In The Crucifixion by Fra Angelico, the gold-filled background makes for a less than realistic setting; however, he captures physical depth with an elliptical arrangement of the crowd that recedes into the distance as Christ appears to be portrayed as a human being.
Meanwhile, in northern Europe such as Germany and the Netherlands, the demand for mythological paintings and portraits has increased compared to that of religious paintings.
In The Judgment of Paris by Lucas Cranach the Elder, he depicted the three goddesses Juno, Minerva, and Venus from different angles of the side, front, and back with the figures being beautiful and sensual.
Ⅱ. Absolutism and Enlightenment
Chapter II, “Absolutism and Enlightenment,” presents 30 masterpieces by artists from various countries who were active from the 17th century, a period in which Europe’s absolute monarchs reasserted their sovereign power, all the way to the 18th century, the Age of Enlightenment.
At the start of the 17th century, characterized by strong light-and-shade contrasts and dramatic, vivid depictions, the expression of the Baroque style served to proclaim the two loci of power of sacredness and secularity: the Roman Catholic Church and the absolute monarchies.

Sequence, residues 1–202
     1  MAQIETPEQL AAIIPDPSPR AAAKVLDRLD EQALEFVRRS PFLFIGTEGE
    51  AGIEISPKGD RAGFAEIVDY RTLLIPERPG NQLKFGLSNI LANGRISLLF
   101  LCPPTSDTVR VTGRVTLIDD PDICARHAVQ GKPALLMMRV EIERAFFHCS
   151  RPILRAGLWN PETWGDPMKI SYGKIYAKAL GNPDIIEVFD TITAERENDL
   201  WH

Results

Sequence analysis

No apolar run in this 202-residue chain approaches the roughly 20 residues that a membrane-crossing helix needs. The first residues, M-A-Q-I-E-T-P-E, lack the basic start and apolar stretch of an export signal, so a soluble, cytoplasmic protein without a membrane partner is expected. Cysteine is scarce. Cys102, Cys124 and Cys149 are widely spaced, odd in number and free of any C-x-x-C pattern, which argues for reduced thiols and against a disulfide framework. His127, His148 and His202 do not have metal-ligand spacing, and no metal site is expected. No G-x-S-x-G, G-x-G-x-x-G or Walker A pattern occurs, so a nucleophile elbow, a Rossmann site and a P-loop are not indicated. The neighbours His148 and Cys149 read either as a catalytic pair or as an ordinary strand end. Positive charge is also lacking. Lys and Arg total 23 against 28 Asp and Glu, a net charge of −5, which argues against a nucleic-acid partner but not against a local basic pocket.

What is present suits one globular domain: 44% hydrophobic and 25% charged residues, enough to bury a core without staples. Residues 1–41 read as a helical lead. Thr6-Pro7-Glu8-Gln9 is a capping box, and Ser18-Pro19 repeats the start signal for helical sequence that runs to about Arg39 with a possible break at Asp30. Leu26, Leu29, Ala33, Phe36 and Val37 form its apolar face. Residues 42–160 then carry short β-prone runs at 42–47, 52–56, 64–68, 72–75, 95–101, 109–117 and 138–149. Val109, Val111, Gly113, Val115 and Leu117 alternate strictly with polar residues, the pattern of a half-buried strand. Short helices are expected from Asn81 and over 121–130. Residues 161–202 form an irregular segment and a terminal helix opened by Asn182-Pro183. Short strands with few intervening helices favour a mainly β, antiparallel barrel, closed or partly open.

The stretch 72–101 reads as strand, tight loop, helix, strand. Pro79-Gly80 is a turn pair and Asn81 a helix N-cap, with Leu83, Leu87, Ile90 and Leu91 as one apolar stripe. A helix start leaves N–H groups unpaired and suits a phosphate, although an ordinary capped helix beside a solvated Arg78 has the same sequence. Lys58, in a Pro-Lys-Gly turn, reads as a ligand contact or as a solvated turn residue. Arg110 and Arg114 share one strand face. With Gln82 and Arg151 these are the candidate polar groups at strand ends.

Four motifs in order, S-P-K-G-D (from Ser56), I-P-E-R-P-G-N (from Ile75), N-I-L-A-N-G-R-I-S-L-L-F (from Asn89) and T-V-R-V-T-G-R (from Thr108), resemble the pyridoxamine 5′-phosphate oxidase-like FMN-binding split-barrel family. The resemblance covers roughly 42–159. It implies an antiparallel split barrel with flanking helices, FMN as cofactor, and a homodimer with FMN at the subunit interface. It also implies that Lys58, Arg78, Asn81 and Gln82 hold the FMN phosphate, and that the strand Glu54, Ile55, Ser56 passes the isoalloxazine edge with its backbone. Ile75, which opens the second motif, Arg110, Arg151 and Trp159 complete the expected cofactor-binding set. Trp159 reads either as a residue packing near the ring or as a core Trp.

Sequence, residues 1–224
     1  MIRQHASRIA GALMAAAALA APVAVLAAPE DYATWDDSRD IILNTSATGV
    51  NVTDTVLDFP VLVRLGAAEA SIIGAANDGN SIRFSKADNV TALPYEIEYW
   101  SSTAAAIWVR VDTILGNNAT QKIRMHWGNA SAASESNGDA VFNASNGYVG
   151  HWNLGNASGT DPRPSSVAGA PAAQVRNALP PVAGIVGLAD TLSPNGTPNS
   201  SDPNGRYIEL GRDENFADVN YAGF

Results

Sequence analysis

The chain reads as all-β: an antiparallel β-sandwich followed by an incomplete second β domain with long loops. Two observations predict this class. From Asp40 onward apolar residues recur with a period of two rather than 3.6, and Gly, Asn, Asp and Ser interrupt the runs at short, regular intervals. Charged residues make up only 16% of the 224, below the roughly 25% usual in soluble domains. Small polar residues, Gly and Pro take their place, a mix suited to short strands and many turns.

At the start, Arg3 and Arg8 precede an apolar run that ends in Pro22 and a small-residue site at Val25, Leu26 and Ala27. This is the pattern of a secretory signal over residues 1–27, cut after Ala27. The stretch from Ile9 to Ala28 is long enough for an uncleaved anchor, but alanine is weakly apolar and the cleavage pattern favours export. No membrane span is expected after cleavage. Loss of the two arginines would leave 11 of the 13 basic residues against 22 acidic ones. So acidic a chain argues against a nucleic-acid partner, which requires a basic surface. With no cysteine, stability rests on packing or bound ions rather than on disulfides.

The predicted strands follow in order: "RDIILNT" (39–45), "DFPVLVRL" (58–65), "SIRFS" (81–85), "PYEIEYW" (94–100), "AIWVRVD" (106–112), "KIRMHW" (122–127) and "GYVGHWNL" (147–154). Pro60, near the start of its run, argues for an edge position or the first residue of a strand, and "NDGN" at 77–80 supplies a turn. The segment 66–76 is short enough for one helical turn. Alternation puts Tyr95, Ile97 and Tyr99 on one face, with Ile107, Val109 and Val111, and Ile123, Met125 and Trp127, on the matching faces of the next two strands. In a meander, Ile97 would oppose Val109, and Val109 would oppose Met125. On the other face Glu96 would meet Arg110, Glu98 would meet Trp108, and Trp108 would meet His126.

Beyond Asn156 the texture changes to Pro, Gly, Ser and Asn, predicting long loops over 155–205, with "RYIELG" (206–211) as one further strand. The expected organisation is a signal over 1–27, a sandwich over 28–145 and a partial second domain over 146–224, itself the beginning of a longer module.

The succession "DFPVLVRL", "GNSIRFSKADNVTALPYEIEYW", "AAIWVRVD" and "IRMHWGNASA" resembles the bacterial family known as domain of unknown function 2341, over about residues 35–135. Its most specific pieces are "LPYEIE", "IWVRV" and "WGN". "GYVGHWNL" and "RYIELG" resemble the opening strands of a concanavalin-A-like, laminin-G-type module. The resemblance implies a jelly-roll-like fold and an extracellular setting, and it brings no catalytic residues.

Italian master Caravaggio played a dominant role in the formation of the Baroque style with his true-to-life portrayals and dramatic interplay of light and shadow. In The Musicians, it depicts a musical and theatrical gathering held at the residence of Cardinal Francesco Maria del Monte, the first patron of Caravaggio.
The Dutch Republic, with its developed civil society and different types of painting, including landscapes, still life, and general paintings of everyday life, created independent genres, ushering in a new phase of art history.
While Johannes Vermeer is famous for his genre paintings, the Allegory of the Catholic Faith on display is an unusual allegorical painting among his works, from which we can see the gestures and attributes/symbols of the person drawn on the canvas with great interest.
Ⅲ. Revolution and Art for the People
Chapter 3, “Revolution and Art for the People,” introduces 18 masterpieces by artists who have brought numerous innovations to painting against the backdrop of the development of civil society in the turbulent 19th century when the wave of modernization swept through the world.